Australia’s Macquarie Group trims dividend expectations to use cash for growth

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The logo of Australia's biggest investment bank Macquarie Group Ltd adorns a door to their Sydney office headquarters in Australia
FILE PHOTO: The logo of Australia’s biggest investment bank Macquarie Group Ltd adorns a door to their Sydney office headquarters in Australia, October 28, 2016. REUTERS/David Gray

July 29, 2021

By Paulina Duran

SYDNEY (Reuters) – Australia’s Macquarie Group said first-quarter profit for fiscal 2022 was “significantly up” compared with the pandemic-hit period a year earlier, but warned of lower dividends to come so that it can divert cash to grow its business.

The country’s largest investment bank and fund manager made the comments on Thursday in its quarterly update but did not provide an earnings number for the first quarter or explicit guidance for fiscal 2022 earnings.

It cut its annual dividend payout policy to between 50% and 70% from a range of 60% to 80% at the end of fiscal 2021.

The decision was driven by a significant capital deployment recently, including A$3.8 billion ($2.80 billion) worth of investments over the past nine months, and its intention to have more “flexibility” given “further opportunities in the coming months”, it said.

The warning of a lower payout drove shares only 0.5% lower in early trading before recovering to be up 0.03% by late morning.

“While a reduction in the target payout ratio would normally bode poorly for an Australian financial, given Macquarie’s very strong track record in investing incremental capital at a solid return above its cost of capital, we think the market will be more than comfortable,” Goldman Sachs analysts said.

Asked during a media call about a recent news report that a consortium led by Macquarie Group was considering an offer for Sydney Airport Holdings, Chief Executive Officer Shemara Wikramanayake declined to comment. Sydney Airport rejected a A$22.26 billion takeover proposal from a group of infrastructure funds earlier this month.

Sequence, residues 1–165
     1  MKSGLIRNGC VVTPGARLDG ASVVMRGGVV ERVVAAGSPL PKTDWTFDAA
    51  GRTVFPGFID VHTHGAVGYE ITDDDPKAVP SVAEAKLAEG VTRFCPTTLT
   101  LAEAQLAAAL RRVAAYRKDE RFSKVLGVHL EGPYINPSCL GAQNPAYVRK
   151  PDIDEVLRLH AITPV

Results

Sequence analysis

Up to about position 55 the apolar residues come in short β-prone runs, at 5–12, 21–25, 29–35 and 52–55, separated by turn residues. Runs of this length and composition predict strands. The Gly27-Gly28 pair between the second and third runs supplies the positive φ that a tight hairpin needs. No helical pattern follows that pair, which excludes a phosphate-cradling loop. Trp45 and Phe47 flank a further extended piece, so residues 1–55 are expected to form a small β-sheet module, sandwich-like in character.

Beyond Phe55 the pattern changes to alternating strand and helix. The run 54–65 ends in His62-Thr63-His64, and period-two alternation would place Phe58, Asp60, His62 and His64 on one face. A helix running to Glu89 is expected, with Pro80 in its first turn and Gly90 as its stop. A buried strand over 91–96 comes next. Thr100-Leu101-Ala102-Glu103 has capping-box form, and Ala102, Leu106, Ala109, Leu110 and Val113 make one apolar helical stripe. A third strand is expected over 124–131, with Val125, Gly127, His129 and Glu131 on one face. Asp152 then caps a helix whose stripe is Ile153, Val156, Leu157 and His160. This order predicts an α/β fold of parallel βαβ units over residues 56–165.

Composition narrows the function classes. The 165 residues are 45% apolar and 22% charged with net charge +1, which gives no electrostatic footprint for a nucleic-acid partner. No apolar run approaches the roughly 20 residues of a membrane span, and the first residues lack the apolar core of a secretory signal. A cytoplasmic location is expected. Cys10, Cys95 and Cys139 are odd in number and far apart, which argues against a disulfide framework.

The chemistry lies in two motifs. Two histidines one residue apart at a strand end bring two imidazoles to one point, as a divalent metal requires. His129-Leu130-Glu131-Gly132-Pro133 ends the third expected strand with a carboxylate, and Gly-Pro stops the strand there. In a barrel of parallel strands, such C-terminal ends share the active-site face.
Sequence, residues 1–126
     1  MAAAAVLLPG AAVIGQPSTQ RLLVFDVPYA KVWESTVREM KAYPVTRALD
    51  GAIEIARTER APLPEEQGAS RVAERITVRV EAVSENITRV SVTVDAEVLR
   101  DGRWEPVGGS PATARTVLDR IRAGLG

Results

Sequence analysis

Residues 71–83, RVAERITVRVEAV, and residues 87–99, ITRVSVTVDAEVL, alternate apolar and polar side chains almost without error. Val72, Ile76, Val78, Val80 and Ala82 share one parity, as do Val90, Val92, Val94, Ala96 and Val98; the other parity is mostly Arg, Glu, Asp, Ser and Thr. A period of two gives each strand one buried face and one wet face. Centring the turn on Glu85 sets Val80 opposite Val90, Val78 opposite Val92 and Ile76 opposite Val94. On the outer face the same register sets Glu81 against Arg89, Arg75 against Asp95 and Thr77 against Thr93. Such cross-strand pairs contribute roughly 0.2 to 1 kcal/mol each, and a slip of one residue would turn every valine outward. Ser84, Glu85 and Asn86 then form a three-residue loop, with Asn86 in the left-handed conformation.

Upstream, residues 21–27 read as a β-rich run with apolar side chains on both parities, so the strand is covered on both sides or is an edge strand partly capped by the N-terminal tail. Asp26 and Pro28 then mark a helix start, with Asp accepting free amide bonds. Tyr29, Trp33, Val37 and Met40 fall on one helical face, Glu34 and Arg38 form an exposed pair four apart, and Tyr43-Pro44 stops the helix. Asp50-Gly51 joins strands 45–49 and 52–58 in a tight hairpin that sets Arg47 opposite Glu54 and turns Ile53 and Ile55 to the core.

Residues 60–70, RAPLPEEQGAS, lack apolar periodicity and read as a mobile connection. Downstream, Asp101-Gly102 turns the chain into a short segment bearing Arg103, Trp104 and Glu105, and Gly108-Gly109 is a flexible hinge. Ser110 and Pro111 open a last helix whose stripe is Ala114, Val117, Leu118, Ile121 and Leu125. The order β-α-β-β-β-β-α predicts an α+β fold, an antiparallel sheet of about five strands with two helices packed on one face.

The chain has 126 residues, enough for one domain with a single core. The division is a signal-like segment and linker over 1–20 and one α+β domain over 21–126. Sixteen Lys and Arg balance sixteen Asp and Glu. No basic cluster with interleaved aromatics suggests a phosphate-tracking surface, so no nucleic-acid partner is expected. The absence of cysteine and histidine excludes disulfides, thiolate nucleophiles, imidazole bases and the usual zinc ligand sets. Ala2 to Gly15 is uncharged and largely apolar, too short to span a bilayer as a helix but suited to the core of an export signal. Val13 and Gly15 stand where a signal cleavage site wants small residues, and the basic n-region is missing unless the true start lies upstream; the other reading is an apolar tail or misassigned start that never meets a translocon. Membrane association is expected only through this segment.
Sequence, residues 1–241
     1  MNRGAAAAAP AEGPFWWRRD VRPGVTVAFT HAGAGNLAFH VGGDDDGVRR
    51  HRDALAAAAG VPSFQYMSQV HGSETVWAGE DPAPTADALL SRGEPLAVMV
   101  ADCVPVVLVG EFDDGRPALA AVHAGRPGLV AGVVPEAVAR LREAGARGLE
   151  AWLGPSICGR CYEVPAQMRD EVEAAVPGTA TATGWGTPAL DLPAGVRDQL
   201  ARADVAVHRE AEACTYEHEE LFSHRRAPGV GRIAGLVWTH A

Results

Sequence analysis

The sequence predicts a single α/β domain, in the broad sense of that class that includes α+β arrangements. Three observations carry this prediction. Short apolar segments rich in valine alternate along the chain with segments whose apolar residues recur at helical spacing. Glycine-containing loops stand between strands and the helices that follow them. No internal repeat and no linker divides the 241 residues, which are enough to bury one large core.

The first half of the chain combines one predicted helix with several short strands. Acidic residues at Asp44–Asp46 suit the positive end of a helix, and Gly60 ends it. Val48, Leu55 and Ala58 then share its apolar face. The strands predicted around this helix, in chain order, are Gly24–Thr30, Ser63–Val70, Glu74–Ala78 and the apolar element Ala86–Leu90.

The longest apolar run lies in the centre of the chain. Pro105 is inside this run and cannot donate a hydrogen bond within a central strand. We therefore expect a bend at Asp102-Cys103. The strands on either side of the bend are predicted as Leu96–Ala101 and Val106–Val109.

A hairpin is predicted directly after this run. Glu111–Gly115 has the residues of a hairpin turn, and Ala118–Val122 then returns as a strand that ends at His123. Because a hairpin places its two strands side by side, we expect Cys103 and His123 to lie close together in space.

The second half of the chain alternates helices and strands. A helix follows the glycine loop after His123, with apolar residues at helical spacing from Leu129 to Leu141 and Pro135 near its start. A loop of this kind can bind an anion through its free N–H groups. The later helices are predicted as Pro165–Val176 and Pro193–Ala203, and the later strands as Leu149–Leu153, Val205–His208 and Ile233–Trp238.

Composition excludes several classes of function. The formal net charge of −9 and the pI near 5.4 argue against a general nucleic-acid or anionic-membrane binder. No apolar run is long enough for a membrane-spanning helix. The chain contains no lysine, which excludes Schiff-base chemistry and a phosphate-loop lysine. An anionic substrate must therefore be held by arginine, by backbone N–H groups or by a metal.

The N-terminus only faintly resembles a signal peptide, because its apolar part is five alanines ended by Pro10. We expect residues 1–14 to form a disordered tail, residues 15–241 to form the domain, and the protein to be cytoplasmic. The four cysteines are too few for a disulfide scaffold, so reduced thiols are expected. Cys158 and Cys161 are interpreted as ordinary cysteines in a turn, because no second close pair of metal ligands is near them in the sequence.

The Sydney-based conglomerate said its investment banking, asset management and lending businesses had positive outlooks, but last year’s windfall from its commodities trading business was unlikely to be repeated this fiscal year.

“We are expecting improved transaction activity and outlook for investment realizations to drive results, and we’ve seen increased balance sheet deployment,” Wikramanayake said of the group’s investment banking unit called Macquarie Capital.

“In the commodities and global markets business, despite having had a good experience over this last quarter, we … expect it can be significantly down.”

Macquarie, the second-largest gas marketer in North America behind oil major BP, posted a record annual profit in 2020, beating its guidance, as it benefited from volatility caused by winter storms sweeping across Texas and other U.S. states.

($1 = 1.3578 Australian dollars)

(Reporting by Paulina Duran in Sydney and Sameer Manekar and Arundhati Dutta in Bengaluru; Editing by Devika Syamnath and Ana Nicolaci da Costa)